Lumber prices are cooling after rallying over 400% in 12 months. Here is where 4 experts say the red-hot commodity goes from here.
- The price of US
lumber futureshas pulled back from May's peak, falling roughly 43% as of mid-June.
- Experts told Insider that it could go down to $600 in the next six months.
- Still, the
lumber shortagewill not be easily remedied, and inflationary pressures remain a concern.
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The price of US lumber futures has pulled back since it peaked at $1,700 per thousand board feet in late May, falling roughly 43% as of mid-June.
The red-hot commodity has been on a rapid decline the past few days, although prices remain elevated, up by 139% over the last year, making it one of the best-performing commodities in that period. Cash
Experts, such as Drew Horter, president and CIO of Tactical Fund Advisors, welcomed the downturn. He said
"You can't keep building at this pace," he said. "There is also a domino effect to a certain extent."
Chip Setzer, director of trading and growth for Mickey Group, a commodity trading platform, agreed. He said $600 is likely a fair valuation. In fact, he doesn't believe that lumber's price should return to its pre-pandemic level.
"Everybody kind of wins if we stay in that range," he said, adding that lumber's price can even go as high as $900. "I think that is a range for a very sustainable and healthy construction market, producing lumber market, exporting market. You kind of want all those things in harmony."
Setzer, who has been in the lumber industry for 12 years, said this will give sawmill operators, truck drivers, and other players in the industry more cushion for capital upgrades and operational improvements.
Among the drivers of the lumber's recent slump is the decline in both new home construction and home-improvement sales from their record-highs earlier this year. Producers also seem to be catching up to a certain extent, largely incentivized by the sky-high prices of the commodity.
"The purchasing is kind of inelastic, in which people are unwilling or unable to continue to buy. So we seem to have topped out, and I think that's related to why lumber has now declined," Mace McCain, president and managing director at Frost Investment Advisors, told Insider.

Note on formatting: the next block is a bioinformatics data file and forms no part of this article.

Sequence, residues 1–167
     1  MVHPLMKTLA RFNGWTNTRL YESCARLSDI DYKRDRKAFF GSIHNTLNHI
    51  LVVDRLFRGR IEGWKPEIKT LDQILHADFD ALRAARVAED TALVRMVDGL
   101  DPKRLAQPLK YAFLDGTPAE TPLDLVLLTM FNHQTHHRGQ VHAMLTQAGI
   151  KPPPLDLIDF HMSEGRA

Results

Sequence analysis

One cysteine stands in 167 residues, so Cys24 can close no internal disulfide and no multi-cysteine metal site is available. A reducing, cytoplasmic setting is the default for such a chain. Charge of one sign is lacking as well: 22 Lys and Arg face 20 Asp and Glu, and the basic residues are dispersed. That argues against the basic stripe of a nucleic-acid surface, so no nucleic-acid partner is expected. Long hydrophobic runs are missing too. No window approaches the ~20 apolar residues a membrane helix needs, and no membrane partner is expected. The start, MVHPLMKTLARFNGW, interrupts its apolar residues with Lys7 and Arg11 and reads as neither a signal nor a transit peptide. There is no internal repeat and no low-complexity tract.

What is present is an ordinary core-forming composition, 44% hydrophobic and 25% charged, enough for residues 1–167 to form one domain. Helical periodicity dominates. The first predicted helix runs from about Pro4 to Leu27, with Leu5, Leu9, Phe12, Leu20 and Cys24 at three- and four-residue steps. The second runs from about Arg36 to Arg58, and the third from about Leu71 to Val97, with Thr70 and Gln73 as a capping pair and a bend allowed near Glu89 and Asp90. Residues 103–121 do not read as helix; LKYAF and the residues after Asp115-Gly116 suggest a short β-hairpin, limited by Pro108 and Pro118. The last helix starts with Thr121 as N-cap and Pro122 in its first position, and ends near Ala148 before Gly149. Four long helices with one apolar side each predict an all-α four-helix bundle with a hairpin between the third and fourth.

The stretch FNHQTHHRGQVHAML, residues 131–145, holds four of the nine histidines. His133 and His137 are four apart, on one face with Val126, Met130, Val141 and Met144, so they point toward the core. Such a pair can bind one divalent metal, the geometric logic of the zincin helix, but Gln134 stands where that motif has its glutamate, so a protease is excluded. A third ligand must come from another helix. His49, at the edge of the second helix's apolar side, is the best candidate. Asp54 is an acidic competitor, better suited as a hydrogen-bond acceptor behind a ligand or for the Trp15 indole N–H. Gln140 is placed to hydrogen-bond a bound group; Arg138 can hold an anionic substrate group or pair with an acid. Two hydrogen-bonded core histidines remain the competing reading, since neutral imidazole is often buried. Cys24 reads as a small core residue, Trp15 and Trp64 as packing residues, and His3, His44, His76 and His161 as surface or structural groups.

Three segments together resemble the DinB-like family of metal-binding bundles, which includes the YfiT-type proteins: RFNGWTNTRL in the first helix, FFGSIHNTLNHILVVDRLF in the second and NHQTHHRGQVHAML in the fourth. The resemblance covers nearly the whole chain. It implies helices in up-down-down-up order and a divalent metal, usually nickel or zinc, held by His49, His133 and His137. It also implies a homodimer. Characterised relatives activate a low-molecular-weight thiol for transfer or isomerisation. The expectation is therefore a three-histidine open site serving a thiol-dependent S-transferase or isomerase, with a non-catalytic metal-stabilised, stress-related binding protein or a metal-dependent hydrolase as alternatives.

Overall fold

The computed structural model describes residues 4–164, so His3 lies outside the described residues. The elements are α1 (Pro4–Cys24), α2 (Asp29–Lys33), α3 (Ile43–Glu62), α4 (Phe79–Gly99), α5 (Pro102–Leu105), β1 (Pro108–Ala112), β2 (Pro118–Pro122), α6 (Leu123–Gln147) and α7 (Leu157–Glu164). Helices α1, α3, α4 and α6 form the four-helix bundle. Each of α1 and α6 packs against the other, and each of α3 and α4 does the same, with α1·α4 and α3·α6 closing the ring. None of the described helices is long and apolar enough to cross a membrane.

But for the time being, experts seem to agree that lumber prices will remain elevated from historic norms.
The upsurge in lumber's prices was triggered by a confluence of factors: a pandemic, concerns over a looming housing crash, and millennials reaching home-buying age. Lumber at the start of 2020 was hovering just around the $400-level.
However, there was already a shortage of lumber supply before the pandemic.
"Inventories were down 33%," McCain said. "And then the surge of the housing production, which increased demand by 14%. So we got two big imbalance happened very quickly."
Horter explained that the root of the issue is in the industry's infrastructure, or the lack thereof.
"You don't just start up a mill at the snap of a finger," he said, adding that building a new sawmill takes at least two years. "This is a supply chain problem."
Looking at the bigger picture, commodities in general typically spike when
Still, Ed Egilinsky, managing director at Direxion, told Insider that the economy is just in the "early innings in the supercycle of the commodities."
"We are going to have volatility," he said. "We haven't had inflation in a long time. Commodities are cyclical. We are coming from a 10-year cycle that has been a malaise."
Despite most of the commodities rising alongside lumber, Horter said it makes sense why special attention is being paid to lumber.
"Lumber is so prevalent in everybody's life. That's why people care more about it than any other commodity other than probably gas or a new car used car or a new car."
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